Since the United Kingdom made the decision to leave the European Union (EU) on 23rd June this year, much attention has been given to the different ways in which constituent parts of the UK voted, showing as they did stark contrasts between Scotland, Northern Ireland and Gibraltar (which voted to remain) and England and Wales (which voted to leave).
The First Minister of Scotland, Nicola Sturgeon, and her devolved government, have placed considerable emphasis on the fact that 62% of voters in Scotland cast their vote to remain in the EU, whereas overall in the UK only 48% voted to do so. This has created a political narrative, promoted mainly by the governing Scottish National Party, that a democratic deficit has been created in Scotland and that there is a consequent need to “preserve Scotland’s status” in the EU. Those in Scotland and the wider UK who voted to leave the EU make the counter-point that the UK is the EU member state, not Scotland. Scotland voted in 2014 to remain part of the UK and is a constituent part of the member state itself; it therefore follows that if the UK as a whole voted to leave the EU, there is in fact no such democratic deficit in Scotland.
The UK Prime Minister, Theresa May, has indicated that she will not consider triggering Article 50 (read our article "What is Article 50" here) until there is an agreed “UK approach”, backed by all of the home nations. This, together with the First Minister’s approach outlined above, has, perhaps inevitably, led to much commentary on what involvement the Scottish Government will have in the Brexit process and what the impact on the devolution settlement in Scotland might be after Brexit.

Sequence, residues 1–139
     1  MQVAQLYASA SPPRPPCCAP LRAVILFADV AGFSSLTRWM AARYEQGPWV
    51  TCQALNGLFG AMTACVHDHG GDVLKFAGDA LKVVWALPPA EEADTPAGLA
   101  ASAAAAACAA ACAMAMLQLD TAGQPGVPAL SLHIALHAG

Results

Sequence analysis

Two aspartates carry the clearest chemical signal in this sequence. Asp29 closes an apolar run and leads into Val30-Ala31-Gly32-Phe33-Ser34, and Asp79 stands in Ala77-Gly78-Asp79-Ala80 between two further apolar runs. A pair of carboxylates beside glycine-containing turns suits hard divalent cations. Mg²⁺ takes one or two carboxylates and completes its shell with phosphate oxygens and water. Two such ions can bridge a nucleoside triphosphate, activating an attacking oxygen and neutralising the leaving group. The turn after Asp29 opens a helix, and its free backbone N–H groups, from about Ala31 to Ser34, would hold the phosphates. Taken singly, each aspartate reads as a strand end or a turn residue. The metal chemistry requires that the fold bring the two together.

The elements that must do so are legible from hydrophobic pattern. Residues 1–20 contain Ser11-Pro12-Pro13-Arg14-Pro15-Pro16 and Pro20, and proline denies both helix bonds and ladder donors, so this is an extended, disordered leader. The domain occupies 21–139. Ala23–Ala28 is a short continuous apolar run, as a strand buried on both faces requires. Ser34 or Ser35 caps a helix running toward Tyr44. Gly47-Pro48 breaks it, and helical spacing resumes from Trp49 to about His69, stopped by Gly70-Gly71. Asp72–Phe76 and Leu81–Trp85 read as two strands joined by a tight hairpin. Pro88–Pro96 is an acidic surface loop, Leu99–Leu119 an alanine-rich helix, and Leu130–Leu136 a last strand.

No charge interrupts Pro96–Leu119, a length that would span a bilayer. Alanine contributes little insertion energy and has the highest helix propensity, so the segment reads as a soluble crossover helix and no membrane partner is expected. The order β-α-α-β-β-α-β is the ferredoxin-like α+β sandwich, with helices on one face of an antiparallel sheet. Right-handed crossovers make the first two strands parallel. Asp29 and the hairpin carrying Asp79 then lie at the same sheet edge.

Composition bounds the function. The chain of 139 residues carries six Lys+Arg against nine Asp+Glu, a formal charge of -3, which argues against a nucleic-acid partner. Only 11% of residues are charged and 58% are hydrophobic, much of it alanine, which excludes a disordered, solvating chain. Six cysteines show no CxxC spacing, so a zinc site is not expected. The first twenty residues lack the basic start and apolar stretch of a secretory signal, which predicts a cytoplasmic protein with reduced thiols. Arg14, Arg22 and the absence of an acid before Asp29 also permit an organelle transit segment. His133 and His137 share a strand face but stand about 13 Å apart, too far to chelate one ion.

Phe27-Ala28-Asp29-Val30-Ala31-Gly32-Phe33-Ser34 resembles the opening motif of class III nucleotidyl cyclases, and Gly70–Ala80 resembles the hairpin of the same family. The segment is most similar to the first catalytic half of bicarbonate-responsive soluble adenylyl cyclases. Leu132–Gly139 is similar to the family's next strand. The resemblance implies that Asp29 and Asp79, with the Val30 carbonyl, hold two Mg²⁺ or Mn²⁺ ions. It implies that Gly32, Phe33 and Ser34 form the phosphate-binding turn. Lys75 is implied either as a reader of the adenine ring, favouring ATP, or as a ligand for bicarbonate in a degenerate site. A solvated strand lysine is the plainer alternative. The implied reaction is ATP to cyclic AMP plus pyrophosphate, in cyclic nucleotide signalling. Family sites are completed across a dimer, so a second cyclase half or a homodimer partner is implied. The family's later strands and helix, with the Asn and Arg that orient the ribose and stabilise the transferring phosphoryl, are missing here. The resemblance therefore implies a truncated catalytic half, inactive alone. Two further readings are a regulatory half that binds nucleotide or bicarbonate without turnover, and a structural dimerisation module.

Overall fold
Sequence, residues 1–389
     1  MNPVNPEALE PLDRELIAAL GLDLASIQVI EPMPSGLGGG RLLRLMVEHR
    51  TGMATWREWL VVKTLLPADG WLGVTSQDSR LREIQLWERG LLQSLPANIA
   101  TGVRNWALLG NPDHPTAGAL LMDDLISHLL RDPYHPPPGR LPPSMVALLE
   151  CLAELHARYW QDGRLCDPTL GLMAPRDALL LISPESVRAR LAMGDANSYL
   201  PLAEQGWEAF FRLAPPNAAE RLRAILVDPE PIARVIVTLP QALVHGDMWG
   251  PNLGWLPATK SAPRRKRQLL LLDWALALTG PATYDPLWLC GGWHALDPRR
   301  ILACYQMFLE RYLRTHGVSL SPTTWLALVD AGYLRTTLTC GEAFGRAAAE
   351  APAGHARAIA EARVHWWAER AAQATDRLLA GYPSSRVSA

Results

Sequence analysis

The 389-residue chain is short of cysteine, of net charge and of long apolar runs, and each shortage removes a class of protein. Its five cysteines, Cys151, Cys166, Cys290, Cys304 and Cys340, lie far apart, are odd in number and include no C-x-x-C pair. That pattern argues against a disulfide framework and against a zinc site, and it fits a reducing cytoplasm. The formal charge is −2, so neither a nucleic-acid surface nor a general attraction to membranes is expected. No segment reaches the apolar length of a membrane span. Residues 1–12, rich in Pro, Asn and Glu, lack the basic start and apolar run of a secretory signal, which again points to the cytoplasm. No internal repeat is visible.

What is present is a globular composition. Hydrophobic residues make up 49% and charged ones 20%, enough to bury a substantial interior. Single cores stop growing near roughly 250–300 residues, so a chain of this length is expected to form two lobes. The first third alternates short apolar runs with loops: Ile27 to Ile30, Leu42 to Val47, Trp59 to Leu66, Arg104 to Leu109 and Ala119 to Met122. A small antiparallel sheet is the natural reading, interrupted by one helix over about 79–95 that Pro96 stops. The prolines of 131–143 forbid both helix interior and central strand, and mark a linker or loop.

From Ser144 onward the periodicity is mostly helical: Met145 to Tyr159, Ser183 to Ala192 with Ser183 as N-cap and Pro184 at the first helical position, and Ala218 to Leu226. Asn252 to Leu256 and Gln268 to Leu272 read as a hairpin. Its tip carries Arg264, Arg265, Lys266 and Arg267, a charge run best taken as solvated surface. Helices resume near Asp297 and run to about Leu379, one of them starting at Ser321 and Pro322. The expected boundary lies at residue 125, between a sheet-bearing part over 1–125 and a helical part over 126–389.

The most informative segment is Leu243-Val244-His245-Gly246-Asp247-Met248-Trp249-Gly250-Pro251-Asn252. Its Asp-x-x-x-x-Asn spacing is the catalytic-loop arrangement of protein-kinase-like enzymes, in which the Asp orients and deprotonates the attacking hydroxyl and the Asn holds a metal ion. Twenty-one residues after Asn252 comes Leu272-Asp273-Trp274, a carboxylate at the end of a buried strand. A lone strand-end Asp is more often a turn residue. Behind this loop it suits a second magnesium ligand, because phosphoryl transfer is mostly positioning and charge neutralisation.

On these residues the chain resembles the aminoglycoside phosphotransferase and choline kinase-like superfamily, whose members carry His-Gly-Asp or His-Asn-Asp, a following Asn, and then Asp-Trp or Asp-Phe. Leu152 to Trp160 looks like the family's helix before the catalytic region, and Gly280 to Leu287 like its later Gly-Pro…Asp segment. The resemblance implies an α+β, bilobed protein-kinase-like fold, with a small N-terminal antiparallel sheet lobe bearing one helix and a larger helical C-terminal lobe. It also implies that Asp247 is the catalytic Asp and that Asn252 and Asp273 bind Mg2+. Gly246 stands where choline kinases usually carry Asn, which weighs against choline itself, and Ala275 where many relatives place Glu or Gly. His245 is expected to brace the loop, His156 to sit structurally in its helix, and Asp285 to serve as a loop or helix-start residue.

European and External Relations Committee
In the wake of Mrs May’s indication that there will be involvement from all UK nations in the Brexit process, the Scottish Parliament’s European and External Relations Committee published its first report of the new session of the Scottish Parliament on 12th September. The contents of the report can be found here. The work of this Committee during the current session will be of vital importance to the shaping of the Scottish Government’s approach to any involvement in the Brexit negotiations and touches on the possibilities for consequent revision of the devolution settlement in Scotland. Its reports will be sent both to the UK and Scottish Governments, in the hope that attention will be paid to the evidence gathered from stakeholders in Scotland. Areas on which evidence has already been taken include the potential loss of access to the single market and the role of Scotland in the Article 50 negotiations. One of the key conclusions of the report is that access to the single market and the lack of tariff and non-tariff barriers are important priorities for the Scottish Government in its discussions with the UK Government prior to Brexit.
The Scotland Act(s)
A crucial point on which the report touches is the possibility, after Brexit, of the widening of the scope of competences which are presently devolved to the Scottish Parliament under the Scotland Acts but which overlap with competences governed by the EU under the EU treaties. These include such areas of competence as agriculture, fisheries and the environment. It is therefore currently the case, for example, that while fisheries policy is devolved to the Scottish Parliament, the EU Common Fisheries Policy (CFP) sets quotas for the amount and type of fish which may be caught in Scottish waters. On leaving the EU, fisheries policy could be controlled entirely by the Scottish Parliament, and Scottish fishermen would no longer need to abide by the CFP. Brexit could therefore, it may be argued, lead to a stronger and more powerful Scottish Parliament, requiring the devolution settlement in Scotland to be revisited to take account for any such “repatriated” powers.
There are, inevitably, very different views on the consequences of Brexit for Scotland. The Scottish Fishermen’s Federation, in its evidence to the Committee, views Brexit as “a once in a lifetime opportunity” which offers “systemic change in the restoration of our exclusive economic zone with regard to fisheries”. Other stakeholders, whose evidence is recorded in the report, are more circumspect; others still are pessimistic, with Edinburgh Airport Ltd expressing the concern that “it is possible that the UK’s decision to leave gives the message that we wish to be isolationist”. None, at this stage, can claim to know what the consequences will be, and it is clear that much will still depend upon the scope and nature of the negotiations which take place between the UK and EU during the Brexit process.